Water Quality & Treatment


Drinking water treated by the Gulf Coast Water Authority meets or exceeds all standards set by the federal Safe Drinking Water Act (SDWA) and its amendments. Congress initially developed the SDWA in 1974 to protect public health and ensure that drinking water provided to the public is safe. The focus of the Act was primarily aimed at treatment. Amendments to the law in 1986 and 1996 expanded the focus to include source water protection, training of operators, funding of system improvements, as well as access to public information as important parts of safe drinking water. Every public water system in the United States must comply with the SDWA.

The United States Environmental Protection Agency (US EPA) is responsible for developing regulations and standards which conform to the provisions of the SDWA. The regulations are health-based standards and protect against contaminants found in drinking water that are naturally occurring or man-made. The US EPA also oversees the enforcement of the standards by the states, tribes, and water systems. In Texas, the Texas Commission on Environmental Quality (TCEQ) makes sure that water providers in the state follow the requirements of the SDWA. The Texas Commission on Environmental Quality (TCEQ) contracts with approved laboratories to analyze our drinking water produced by the Thomas S. Mackey Water Treatment Plant.


Thomas S. Mackey Water Treatment Plant, Texas City, Texas

Thomas S. Mackey Water Treatment Plant
Texas City, Texas

Thomas S. Mackey Water Treatment Plant


Drinking water provided by Gulf Coast Water Authority (GCWA) comes from the Brazos River. The water travels across three counties through Jones and Oyster Creeks and into GCWA’s man-made canals and Industrial Reservoir before reaching the Thomas S. Mackey Water Treatment Plant.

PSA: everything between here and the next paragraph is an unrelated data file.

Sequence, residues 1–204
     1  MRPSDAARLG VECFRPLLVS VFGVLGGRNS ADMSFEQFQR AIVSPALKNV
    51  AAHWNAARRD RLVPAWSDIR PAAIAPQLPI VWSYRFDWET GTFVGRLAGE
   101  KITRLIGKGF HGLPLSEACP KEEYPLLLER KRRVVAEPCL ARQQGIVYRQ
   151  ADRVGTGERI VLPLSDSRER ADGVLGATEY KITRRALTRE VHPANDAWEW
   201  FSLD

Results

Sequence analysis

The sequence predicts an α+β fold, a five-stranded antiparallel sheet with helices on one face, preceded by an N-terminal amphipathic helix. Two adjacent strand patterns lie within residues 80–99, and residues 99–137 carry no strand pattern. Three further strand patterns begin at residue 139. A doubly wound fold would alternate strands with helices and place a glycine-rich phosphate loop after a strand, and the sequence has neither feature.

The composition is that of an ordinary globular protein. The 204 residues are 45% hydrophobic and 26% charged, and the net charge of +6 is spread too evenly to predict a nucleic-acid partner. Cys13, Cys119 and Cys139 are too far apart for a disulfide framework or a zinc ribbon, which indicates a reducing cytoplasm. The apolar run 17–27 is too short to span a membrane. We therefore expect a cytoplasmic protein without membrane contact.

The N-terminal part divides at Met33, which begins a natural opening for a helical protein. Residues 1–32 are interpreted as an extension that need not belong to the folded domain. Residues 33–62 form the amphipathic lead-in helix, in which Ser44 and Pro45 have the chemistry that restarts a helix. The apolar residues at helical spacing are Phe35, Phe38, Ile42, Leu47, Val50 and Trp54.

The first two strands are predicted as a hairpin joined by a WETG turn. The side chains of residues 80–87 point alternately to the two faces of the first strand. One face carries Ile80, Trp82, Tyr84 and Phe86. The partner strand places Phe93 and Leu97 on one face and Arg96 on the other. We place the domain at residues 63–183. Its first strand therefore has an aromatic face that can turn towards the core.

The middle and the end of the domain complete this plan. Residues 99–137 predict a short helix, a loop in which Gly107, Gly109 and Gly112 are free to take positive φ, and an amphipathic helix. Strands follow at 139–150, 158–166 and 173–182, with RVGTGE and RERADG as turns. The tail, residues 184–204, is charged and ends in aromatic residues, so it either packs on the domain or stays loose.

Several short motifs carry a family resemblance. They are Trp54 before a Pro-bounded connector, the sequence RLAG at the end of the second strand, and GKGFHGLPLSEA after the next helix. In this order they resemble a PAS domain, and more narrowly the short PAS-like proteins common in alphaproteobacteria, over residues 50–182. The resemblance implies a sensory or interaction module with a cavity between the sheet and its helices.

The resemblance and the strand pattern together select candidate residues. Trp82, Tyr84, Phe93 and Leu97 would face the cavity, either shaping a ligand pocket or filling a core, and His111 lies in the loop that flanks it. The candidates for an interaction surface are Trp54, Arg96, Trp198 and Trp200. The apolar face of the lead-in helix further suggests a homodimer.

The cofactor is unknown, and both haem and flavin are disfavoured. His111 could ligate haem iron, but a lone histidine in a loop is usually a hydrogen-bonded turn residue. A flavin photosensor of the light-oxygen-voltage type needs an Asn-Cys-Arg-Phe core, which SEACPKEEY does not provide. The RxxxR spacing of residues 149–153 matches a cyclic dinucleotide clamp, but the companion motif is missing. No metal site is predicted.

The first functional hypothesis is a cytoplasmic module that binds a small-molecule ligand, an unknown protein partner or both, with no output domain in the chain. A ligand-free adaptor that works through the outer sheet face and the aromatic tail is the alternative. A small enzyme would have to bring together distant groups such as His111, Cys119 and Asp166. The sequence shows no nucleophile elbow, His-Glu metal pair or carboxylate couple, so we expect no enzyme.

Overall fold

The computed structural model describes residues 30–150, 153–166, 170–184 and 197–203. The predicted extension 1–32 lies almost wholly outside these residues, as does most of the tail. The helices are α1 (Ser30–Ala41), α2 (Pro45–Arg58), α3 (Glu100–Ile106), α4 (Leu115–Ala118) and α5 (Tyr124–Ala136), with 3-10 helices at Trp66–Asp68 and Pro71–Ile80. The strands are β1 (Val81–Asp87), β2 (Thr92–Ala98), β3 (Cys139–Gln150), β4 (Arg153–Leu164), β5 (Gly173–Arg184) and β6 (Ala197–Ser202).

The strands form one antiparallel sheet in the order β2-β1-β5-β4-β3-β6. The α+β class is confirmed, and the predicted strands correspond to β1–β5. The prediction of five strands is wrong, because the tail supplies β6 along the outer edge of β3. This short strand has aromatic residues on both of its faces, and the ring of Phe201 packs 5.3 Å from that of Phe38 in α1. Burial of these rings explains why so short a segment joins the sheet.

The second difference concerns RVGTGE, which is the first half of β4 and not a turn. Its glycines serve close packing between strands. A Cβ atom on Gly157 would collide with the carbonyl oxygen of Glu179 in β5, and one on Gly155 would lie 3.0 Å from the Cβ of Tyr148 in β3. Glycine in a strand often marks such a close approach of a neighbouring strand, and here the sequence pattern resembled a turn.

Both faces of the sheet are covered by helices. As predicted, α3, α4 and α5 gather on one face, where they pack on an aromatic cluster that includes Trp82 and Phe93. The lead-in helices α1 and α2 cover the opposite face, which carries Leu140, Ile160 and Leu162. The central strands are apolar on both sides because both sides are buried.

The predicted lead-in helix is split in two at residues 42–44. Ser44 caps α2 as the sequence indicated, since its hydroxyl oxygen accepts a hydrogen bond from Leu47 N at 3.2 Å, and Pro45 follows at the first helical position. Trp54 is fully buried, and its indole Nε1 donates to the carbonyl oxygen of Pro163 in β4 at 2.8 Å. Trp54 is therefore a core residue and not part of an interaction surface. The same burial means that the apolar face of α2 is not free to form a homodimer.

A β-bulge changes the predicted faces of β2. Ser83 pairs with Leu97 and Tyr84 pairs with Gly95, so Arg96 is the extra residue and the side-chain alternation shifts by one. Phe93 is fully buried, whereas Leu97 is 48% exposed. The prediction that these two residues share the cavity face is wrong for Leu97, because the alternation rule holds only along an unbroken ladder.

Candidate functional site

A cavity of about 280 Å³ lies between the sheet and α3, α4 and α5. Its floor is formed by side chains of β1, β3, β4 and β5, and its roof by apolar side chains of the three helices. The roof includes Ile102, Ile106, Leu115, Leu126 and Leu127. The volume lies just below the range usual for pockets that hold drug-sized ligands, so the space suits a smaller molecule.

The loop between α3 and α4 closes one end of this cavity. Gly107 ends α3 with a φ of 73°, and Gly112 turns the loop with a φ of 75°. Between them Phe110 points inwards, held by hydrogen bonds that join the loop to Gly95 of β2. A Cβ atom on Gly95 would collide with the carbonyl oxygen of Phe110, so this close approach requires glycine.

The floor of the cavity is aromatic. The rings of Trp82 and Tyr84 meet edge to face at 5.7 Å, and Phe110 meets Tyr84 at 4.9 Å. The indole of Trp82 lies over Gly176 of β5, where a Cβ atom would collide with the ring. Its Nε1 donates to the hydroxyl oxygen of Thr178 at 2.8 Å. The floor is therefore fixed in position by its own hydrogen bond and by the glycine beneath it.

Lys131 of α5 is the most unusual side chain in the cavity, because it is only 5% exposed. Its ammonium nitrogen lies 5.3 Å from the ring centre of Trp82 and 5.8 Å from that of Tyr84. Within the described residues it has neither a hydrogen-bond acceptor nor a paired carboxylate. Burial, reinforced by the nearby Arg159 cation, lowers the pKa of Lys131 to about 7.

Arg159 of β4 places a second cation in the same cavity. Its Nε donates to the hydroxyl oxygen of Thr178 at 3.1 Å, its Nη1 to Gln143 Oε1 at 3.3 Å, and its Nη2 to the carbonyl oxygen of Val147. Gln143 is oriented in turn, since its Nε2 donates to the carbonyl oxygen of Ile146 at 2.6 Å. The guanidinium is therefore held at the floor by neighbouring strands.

The Mackey Water Treatment Plant, located in Texas City, Texas, is a 50 million gallon per day conventional water plant built in 1980. Improvements have been completed over the years to maintain reliability and to increase production. The plant is staffed every day, 24/7, to continually produce a high quality drinking water to a population of over 185,000.

Initial treatment begins with the application of powdered activated carbon to help eliminate odors. The water is then disinfected with chlorine dioxide. The chlorine dioxide is a powerful disinfectant that destroys bacteria and microorganisms and also reduces taste and odor.

Next, suspended particles in the water are combined together in a process called flocculation. The floc particles settle and remaining particles are removed through filtration. Our filters are composed of silica sand and granular activated carbon.

After filtration, water is treated for corrosion control and fluoride is added.

Chlorine dioxide and chloramines are added in the final process of treatment to disinfect the water and protect it as it makes its way through the transmission and distribution systems to the end-user’s tap.

The Thomas S. Mackey Water Treatment Plant staff monitors and performs water quality tests daily to ensure a high quality drinking water that meets or exceeds state and federal regulations is produced for our customers.

GCWA is a member of the American Water Works Association and Water Research Foundation. We actively participate in water quality research projects that allow us to improve our operations and treatment process.

Corrosion Control and the Flint, Michigan Water Crisis

Recently, the City of Flint, Michigan switched its water supply from the Detroit Water Dept. to its own Flint River, failing to apply corrosion control treatment to the water. The Flint River water contains high levels of chloride which accelerates corrosion to lead pipes, causing the lead to leach into the public water supply and triggering a public health emergency.

Gulf Coast Water Authority has long treated the Brazos River water with a corrosion control inhibitor called zinc orthophosphate to combat such an event from occurring.

For more information regarding the Flint, Michigan lead crisis, follow the link below:

Corrosive Chemistry: How Lead Ended Up in Flint’s Drinking Water – Scientific American from Scientific American’s Tweet